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The Tenth Amendment declares, "The powers not delegated to the United States by the Constitution, nor prohibited by it to the states, are reserved to the states respectively, or to the people." In other words, states have all powers not granted to the federal government by the Constitution. States must take responsibility for areas such as: In many areas, states have a large role but also share administrative responsibility with local and federal governments.
Highways, for example, are divided amongst the three different levels.
States rely on a broad range of revenue sources to fund government.
On average, states generate more than one-third of their revenues from personal income taxes and another one-third from general sales taxes.
The Lieutenant Governor presides over the Senate, but the majority leader assumes most of the leadership roles.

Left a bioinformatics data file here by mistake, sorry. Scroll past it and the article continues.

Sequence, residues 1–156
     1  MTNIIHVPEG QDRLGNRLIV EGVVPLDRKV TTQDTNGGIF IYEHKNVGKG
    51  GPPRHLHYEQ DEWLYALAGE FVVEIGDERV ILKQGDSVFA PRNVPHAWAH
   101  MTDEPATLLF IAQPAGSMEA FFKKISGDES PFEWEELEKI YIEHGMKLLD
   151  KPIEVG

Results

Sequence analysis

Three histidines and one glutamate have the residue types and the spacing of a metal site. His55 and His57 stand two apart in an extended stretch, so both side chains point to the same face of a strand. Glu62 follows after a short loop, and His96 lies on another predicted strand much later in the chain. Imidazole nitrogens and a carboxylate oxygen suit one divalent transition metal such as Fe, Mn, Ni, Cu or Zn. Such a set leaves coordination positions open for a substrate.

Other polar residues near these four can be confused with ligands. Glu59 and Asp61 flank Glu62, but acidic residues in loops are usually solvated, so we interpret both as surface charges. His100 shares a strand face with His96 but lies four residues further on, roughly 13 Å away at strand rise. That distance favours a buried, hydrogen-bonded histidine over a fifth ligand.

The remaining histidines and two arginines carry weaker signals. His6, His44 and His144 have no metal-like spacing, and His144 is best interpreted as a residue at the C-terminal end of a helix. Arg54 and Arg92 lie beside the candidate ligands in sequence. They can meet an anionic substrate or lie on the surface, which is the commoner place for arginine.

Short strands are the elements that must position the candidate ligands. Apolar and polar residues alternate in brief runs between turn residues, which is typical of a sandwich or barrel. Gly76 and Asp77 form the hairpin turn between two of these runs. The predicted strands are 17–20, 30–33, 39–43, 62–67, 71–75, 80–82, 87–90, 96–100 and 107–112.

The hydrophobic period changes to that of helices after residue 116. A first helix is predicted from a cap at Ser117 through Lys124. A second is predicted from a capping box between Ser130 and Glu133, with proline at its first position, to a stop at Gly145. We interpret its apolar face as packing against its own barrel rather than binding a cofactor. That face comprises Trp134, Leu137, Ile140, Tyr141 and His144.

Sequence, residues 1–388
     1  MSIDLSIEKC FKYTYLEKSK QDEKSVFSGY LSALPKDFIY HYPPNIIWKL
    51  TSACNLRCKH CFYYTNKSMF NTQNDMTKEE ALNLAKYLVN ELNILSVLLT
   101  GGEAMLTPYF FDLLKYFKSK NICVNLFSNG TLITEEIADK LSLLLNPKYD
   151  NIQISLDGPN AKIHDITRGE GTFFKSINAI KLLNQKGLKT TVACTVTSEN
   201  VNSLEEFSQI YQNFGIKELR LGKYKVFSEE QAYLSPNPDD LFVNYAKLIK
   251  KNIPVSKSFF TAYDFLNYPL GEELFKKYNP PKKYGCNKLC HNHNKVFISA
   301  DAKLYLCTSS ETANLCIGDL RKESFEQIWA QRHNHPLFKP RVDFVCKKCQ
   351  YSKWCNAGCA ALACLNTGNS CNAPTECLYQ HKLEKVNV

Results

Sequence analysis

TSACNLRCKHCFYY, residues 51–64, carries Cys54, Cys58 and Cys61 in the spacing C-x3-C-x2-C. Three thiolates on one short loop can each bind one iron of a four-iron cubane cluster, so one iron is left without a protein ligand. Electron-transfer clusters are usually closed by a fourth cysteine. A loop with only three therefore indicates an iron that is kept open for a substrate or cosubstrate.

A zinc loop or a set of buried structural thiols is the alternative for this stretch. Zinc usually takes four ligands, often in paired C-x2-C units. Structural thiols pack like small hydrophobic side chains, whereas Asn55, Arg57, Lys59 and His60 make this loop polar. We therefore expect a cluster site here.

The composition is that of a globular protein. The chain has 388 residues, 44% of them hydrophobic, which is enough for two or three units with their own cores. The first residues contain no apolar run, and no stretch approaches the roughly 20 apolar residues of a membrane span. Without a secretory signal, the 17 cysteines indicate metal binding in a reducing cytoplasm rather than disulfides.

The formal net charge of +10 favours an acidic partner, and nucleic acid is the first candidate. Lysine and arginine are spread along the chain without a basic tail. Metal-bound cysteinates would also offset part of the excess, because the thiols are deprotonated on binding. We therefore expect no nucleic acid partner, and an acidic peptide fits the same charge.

Some examples include: A government’s revenue system is the entire means by which a government acquires funding.Many states have departments of transportation, which oversee and administer intrastate transportation. For example, the federal government may require states to reduce air pollution, provide services for the handicapped, or require that public transportation must meet certain safety standards.The federal government is prohibited by law from setting unfunded mandates.Each state has its own constitution which it uses as the basis for laws. Constitution mandates that all states uphold a "republican form" of government, although the three-branch structure is not required. They contain a preamble, a bill of rights, articles that describe separation of powers between the executive, legislative and judicial branches, and a framework for setting up local governments. State constitutions can contain as many as 174,000 words (Alabama), and have as many as 513 amendments attached (also Alabama).All state governments are modeled after the federal government and consist of three branches: executive, legislative, and judicial. Therefore, in basic structure state constitutions much resemble the U. State constitutions also tend to be significantly more lengthy than the U. Much of this length is devoted to issues or areas of interest that are outdated.